Turn on the fore/ hind and practical applications to more advanced movements.
There has been a few threads asking how this is done and most of them are very well explained however these movements by themselves are not the be all and end of this exercise.
They are the precursors to the advancement of other movements, exercises and overall betterment in control and suppleness of the horse.
So certainly I could just post a series of do this then do than and voila you have a turn on the hind and turn of the fore but I rather have some fun and see if we can unlock the logical thinking ( and out of the box thinking) of those that reply.
So my questions are, knowing what you know about these movements WHERE would you expect these movements to take you ?
Second...assuming you have them down pat at the walk, just what would you do with them to challenge yourself.
And lastly for those that are having trouble doing either of them does anyone wish to explain how they would teach the horse these exercises.
Oh heck I'll try. If I'm totally wrong, I will learn.
Where would I expect these movements to take me... I guess I would think this would help bring the rider and horse along with collection and, ultimately into a canter pirouette.
If I had it down pat at the walk I would work on it at the trot.
Now in what way would you make the ordinary turn on the fore more interesting....even at the walk?
Different levels of collection at the walk?
This was a difficult question so I will tell you and you try to tell me what it is.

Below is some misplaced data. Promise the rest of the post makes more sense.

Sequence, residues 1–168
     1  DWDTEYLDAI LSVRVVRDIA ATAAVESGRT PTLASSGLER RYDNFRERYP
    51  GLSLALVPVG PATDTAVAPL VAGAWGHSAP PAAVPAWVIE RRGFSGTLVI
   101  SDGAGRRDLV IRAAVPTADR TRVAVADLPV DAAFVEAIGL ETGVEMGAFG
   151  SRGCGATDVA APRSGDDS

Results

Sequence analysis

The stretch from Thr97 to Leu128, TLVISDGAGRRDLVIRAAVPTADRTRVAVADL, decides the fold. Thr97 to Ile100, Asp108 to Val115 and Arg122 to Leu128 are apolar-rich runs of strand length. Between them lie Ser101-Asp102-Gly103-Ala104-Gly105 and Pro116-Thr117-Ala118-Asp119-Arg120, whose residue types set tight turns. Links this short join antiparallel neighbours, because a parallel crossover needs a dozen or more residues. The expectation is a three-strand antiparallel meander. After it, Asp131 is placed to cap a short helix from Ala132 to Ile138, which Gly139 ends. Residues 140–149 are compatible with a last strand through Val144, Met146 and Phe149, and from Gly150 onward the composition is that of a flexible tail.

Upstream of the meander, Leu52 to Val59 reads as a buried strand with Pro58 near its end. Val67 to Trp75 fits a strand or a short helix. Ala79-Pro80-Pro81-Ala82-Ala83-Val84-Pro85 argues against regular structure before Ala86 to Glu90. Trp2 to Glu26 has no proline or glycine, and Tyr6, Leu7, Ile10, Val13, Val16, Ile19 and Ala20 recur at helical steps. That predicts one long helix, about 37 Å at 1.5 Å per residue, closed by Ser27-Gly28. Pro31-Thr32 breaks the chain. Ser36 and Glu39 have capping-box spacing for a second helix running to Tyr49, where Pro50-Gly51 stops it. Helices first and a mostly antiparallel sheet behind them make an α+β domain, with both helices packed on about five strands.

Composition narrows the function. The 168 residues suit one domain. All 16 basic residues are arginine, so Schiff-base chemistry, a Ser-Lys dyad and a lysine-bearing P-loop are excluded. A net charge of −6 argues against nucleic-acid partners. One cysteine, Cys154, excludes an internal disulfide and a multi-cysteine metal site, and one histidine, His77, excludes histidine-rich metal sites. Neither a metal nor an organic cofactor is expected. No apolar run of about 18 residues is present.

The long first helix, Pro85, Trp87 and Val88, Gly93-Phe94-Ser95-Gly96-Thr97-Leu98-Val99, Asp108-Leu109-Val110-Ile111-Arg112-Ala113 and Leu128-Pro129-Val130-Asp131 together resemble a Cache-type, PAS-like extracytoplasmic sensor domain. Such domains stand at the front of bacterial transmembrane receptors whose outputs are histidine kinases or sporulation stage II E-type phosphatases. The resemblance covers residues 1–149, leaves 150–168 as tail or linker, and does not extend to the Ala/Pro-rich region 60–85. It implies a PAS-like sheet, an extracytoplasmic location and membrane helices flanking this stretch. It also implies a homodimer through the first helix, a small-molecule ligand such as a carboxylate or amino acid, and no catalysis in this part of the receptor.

Turn on the forehand in motion. ( can be done at walk or trot.)
Canter pirouette, and could it translate into half-pass in regards to moving the haunches over?
ETA: Also in travers and renvers?
You might need to dumb-it down some more! A half pass?
Yes the canter pirouette is the ultimate end to the turn on the hind. I consider it the hardest of all dressage movements...beyond piaffe or passage even.
So from a turn on the hind at walk where would you take it and still maintain the integrity of an actual turn?
Ok I will explain what it is and YOU tell me what benefit you feel it gives and what difficulties you would expect in its training.
Imagine a pole standing upright in the middle of the arena. This could easily be a jump standard.
Now do a turn on the fore AROUND (describing a circle around the fixed object) that pole so that each step REMAINS a turn on the fore and does not degenerate into something else.
This sounds like it would be a good exercise to get the horse relaxed and pliable. I think that difficulties with this would be loss of forward motion and keeping the haunch from swinging out of the circle. Maybe over flexing at the neck if not enough outside rein is used effectively. Sound plausible?
|All times are GMT -4. The time now is 02:02 PM.|
Powered by vBulletin® Version 3.8.5
Copyright ©2000 - 2014, Jelsoft Enterprises Ltd.
Search Engine Friendly URLs by vBSEO 3.6.0